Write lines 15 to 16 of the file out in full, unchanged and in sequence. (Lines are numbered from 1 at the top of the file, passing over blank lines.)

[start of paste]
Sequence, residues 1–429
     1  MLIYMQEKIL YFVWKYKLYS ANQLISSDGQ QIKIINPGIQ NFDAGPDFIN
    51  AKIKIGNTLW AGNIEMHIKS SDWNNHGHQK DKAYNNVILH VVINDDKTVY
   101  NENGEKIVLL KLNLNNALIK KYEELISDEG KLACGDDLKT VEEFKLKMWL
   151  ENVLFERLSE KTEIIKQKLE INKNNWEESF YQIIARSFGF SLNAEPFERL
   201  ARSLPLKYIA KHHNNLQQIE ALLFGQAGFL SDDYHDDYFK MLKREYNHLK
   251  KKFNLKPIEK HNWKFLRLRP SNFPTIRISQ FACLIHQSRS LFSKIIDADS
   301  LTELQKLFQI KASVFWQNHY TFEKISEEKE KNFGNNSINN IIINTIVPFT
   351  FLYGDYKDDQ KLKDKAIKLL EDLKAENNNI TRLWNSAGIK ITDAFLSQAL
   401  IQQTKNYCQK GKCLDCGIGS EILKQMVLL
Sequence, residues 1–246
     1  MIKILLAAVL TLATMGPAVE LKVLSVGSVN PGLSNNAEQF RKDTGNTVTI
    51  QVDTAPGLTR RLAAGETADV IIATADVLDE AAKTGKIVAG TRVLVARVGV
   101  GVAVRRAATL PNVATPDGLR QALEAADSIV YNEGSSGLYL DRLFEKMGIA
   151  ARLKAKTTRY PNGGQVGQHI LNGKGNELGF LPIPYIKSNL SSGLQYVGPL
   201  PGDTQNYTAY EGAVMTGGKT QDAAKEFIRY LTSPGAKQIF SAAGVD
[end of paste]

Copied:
   151  ARLKAKTTRY PNGGQVGQHI LNGKGNELGF LPIPYIKSNL SSGLQYVGPL
   201  PGDTQNYTAY EGAVMTGGKT QDAAKEFIRY LTSPGAKQIF SAAGVD